Did you know that dozens of churches and homes in Niagara Falls served as hiding places on the Underground Railroad? Get to know the key role that the area played in the 1800s freedom movement.
The history of the Underground Railroad runs through Niagara County. With its proximity to Canada, the area became a prime location for hundreds of abolitionists to help fugitive enslaved people escape to freedom across the border. Churches, homes, farmhouses and other dwellings were used as hiding places along the Underground Railroad in New York, as leaders like Harriet Tubman would help escaped slaves make their way into Canada via the Niagara River. Visitors can now learn about this period in Black American history through interactive exhibits, monuments and experiential museums. Read on to learn about Underground Railroad locations and exhibits around Niagara County and take a self-guided journey through time.
Located inside the former 1863 U.S. Customs House (attached to the Niagara Falls Amtrak Station), this permanent exhibition tells the stories of how the actions of the community — particularly the free Black American residents — coupled with the region’s natural geographic benefits and location on the border to Canada were critical in bringing countless individuals to freedom. In this rich learning experience for kids and adults alike, visitors can enjoy a variety of interactive exhibits, hear the stories of prominent historical figures such as Harriet Tubman and Frederick Douglass and sign up for a tour to learn more facts about the Underground Railroad.
Centrally located in Niagara Falls, NY, the NACC offers visual and performing arts events to the public as well as artist residencies and workshops across its 180,000-square-foot building. The exhibit “Freedom Crossing: The Underground Railroad in Greater Niagara” tells the story of how thousands of freedom seekers passed through the area to Canada, as the Niagara River was often the last crossing to freedom. The exhibit tells this story through historic photographs, artifacts, books, interactive stations and contemporary artwork.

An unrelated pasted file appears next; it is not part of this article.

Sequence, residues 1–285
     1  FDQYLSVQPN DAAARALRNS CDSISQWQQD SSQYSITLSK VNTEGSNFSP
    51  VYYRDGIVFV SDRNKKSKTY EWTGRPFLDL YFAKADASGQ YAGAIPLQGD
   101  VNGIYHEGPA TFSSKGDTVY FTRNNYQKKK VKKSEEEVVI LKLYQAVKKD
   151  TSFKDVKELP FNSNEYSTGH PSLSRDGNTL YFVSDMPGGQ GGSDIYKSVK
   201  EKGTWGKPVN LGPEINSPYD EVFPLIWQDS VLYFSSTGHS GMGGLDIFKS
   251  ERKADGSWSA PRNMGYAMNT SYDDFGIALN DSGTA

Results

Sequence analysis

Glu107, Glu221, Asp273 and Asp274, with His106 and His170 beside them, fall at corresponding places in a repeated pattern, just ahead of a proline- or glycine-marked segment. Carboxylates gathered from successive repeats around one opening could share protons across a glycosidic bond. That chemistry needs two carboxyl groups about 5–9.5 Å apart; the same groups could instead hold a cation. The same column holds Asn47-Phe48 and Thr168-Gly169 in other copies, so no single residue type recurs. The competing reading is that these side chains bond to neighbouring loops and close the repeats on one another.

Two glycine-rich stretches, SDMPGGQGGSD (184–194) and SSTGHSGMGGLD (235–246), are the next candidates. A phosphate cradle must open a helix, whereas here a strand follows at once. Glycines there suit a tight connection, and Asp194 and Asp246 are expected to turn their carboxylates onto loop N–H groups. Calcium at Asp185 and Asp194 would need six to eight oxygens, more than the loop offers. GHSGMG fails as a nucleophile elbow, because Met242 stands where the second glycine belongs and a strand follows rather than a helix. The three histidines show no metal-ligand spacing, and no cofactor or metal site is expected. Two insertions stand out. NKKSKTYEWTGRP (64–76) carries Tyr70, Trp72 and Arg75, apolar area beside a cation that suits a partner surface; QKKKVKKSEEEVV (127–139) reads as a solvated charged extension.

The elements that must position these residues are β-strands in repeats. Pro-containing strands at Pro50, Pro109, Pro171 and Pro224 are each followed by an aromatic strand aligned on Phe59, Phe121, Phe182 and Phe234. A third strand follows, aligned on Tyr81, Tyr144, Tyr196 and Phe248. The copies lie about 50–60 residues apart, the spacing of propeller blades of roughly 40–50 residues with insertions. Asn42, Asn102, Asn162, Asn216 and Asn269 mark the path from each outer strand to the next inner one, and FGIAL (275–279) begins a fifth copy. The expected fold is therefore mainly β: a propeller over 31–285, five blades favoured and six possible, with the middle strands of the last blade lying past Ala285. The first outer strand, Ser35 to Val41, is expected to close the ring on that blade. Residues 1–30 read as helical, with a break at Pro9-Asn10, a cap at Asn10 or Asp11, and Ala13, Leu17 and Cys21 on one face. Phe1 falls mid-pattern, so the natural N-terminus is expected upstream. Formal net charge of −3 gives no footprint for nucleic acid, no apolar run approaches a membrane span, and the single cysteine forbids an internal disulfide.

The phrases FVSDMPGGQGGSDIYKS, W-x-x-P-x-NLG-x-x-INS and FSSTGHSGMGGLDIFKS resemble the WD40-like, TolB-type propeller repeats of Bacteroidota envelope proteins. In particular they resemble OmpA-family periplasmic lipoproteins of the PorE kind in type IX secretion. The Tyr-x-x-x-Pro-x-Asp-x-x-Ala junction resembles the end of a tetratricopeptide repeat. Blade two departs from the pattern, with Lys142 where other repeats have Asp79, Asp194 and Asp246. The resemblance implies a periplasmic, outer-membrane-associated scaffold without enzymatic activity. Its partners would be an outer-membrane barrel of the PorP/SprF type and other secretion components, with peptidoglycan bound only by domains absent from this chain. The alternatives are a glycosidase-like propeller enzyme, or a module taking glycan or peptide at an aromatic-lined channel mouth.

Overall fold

Local artist Susan Geissler created this emotional sculpture installation along the banks of the Niagara River in Lewiston, which was considered a final stop on the path to freedom. The sculpture depicts a family being led to safety by Rev. Josiah Tryon, an abolitionist leader whose shipping business served as a front to assist freedom seekers on their journey to Canada, alongside the fictional heroine Laura Eastman of the historical novel “Freedom Crossing,” which is set in Lewiston.
Lewiston First Presbyterian Church
Rev. Tryon is honored here again with a monument for his work with the Underground Railroad. He built a home referred to as “Tryon’s Folly,” which had nine descending cellars to get enslaved people as close as possible to the river and the freedom awaiting on the Canadian shore.
Take a guided tour of the towns and sites that played a role in this historic movement. Visit the Michigan Street Baptist Church – a well-known Underground Railroad site – as well as the spot where Harriet Tubman crossed over into Canada. Daily tours are offered through Motherland Connextions and customized tour services such as meals, itineraries and more are available.